In the evening, we were treated to an outstanding sunset that showcased, for the first time, the grand Andes beside us. Perhaps they'd been hidden by sogginess due to Valparaiso's smoky fires, or just poor weather, but it was shocking to suddenly look up and realize how close these monstrous mountains are. Craig prepared a delicious dinner of salmon with a peanut-honey pesto topping in honour of Fish Friday. More wine and card games rounded out the day.

Tuesday, April 29, 2014

Day 268: Barrio Brasil

The neighbouring district, Barrio Brasil, is famed for its street art so we set out that morning to wander. Tossing our maps aside, we let our eyes lead the way, finding new murals to photograph at every corner and spotting church steeples above rooftops which acted like beacons. A few times we found ourselves at a corner and were torn in four different directions, wanting to go each way at once.

The morning was characteristized by this slow-paced meandering as we appreciated the colourful displays and were drawn down alleys and around corners by their intoxicating paint. The art ranged from simple small designs, to block-engulfing hallucinations. It's really best if we just let the pictures do the talking (and trust us, this is only a small sampling).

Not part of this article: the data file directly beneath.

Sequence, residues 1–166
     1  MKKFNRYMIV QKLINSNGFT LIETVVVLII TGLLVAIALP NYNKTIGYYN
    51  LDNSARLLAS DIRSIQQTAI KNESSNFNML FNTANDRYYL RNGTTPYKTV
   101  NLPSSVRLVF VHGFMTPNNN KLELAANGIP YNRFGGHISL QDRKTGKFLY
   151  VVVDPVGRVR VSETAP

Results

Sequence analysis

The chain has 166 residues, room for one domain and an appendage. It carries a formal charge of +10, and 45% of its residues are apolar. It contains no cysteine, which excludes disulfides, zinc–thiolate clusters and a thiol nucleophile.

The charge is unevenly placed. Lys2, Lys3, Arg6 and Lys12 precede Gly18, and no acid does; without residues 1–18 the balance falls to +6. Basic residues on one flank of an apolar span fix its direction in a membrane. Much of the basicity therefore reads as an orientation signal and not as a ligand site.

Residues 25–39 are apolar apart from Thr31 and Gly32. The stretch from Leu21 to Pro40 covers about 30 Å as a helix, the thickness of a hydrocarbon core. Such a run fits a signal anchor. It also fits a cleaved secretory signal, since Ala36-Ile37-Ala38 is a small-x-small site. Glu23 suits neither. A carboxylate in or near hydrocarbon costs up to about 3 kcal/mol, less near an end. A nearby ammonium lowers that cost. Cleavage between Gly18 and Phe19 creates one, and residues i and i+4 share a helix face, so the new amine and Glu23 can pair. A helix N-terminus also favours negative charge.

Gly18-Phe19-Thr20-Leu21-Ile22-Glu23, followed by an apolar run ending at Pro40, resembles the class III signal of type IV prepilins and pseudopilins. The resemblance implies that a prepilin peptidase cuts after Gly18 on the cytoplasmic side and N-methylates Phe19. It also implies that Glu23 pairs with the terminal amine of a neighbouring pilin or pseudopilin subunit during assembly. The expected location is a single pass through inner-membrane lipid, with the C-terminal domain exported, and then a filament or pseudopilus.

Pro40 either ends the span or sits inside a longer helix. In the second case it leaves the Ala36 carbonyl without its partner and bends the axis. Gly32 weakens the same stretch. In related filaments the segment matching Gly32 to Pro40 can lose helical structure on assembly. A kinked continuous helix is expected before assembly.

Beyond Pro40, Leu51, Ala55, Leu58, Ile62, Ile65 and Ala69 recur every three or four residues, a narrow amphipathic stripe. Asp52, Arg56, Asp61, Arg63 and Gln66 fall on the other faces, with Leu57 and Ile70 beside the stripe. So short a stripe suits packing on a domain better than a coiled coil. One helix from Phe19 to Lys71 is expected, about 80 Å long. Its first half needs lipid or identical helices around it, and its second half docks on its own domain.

As it was Semana Santa (Easter Holidays) the parks were often populated by groups of teenagers who never missed an opportunity to tease us/try to make us feel uncomfortable. We had been told that the neighbourhood is best avoided at night, but the four of us in broad daylight rarely felt uneasy.

Our walk through the living art galley was also functional as the Human Rights Museum lay on the western edge of the neighbourhood. After nearly two hours of wandering the streets of Barrio Brasil, we finally arrived at the industrial-looking museum. Erin opted for an audio guide, knowing the text-heavy displays would all be in Spanish, where as Craig chose to practice his language skills. Unfortunately, photography was not permitted inside.